❝ The birth of baby mice made from artificial eggs has prompted calls for a public debate on whether the same approach should ever be offered by fertility clinics.
Nearly a dozen rodents were born after scientists created the early-stage mouse eggs from stem cells and nurtured them in the lab until they were mature enough to fertilise with mouse sperm.
The team went on to make hundreds of embryos from the lab-grown eggs and implanted them into female mice, leading some to give birth to apparently healthy mouse pups.
❝ Though far from ready for use in humans today, the procedure could potentially be improved upon in coming years and eventually made safe enough to treat couples with fertility problems, scientists said. The technology suggests it may one day be possible for doctors to make viable eggs from the skin cells of an infertile woman…
❝ …With stem cell science progressing so fast, some researchers are keen to thrash out the potential implications for humans now. “Ethically, this issue has yet to be discussed fully by scientists and society,” said Azim Surani, a stem cell scientist at the Gurdon Institute at Cambridge University, who was not involved in the latest work. “This indeed is the right time to start a debate and involve the wider public in these discussions, long before, and in case, the procedure becomes feasible in humans.”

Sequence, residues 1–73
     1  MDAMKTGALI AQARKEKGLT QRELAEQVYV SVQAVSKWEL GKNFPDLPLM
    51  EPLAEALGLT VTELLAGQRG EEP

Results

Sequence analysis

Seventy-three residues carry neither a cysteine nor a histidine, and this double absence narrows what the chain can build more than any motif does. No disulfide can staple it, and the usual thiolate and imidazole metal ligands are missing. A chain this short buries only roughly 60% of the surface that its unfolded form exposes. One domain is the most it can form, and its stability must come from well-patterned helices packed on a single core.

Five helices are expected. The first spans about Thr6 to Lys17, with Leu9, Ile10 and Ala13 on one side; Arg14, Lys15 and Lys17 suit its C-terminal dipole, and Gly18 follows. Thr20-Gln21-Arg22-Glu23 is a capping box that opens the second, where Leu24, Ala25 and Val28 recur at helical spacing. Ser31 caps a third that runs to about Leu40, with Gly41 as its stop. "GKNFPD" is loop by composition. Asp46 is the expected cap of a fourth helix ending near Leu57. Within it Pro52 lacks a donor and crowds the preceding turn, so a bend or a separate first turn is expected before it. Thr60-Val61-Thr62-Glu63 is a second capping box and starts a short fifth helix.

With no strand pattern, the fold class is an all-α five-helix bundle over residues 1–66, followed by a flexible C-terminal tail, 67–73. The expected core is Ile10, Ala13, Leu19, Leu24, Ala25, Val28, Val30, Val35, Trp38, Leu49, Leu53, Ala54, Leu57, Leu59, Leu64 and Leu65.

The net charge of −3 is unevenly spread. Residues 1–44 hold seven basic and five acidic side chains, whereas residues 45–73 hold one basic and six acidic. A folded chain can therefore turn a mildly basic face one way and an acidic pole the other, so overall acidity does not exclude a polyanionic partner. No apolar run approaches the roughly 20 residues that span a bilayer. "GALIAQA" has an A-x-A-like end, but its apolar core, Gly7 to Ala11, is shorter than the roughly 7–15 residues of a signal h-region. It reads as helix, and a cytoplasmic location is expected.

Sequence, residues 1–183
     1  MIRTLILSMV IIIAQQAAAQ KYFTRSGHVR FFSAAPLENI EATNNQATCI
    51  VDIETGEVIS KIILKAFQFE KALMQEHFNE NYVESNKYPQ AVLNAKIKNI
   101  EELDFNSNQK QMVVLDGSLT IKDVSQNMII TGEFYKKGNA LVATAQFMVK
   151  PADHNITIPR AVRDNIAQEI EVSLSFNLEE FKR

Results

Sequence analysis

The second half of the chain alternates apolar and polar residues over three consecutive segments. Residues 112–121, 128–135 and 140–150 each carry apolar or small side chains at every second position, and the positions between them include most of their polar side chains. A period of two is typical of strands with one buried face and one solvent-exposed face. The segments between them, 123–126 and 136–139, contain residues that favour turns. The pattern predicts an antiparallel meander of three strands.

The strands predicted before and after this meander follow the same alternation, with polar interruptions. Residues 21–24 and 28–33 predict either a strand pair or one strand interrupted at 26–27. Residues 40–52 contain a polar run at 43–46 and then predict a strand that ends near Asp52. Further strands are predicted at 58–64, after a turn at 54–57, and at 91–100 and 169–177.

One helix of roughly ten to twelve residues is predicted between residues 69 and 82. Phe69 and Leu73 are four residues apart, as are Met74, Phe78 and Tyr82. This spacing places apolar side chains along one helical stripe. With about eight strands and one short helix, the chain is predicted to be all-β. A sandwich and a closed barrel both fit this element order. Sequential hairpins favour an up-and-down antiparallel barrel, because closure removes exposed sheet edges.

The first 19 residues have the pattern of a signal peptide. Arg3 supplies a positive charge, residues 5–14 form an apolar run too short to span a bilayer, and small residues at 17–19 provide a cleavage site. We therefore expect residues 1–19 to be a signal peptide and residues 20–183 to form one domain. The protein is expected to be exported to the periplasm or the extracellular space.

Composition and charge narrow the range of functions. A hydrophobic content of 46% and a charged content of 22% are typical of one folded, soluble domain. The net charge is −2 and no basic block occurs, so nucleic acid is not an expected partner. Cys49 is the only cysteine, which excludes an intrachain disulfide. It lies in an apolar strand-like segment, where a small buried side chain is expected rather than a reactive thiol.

❝ Labs around the world are now expected to repeat the experiments before attempting the same procedure in larger animals, such as pigs, sheep and cows. Before it can help humans to multiply, it might benefit other animals. “With such technology we might be able to rewind the process of mammalian extinction,” said Dusko Ilic, stem cell scientist at King’s College London.
If nothing else, this will provide full employment for priests, populist pundits and politicians.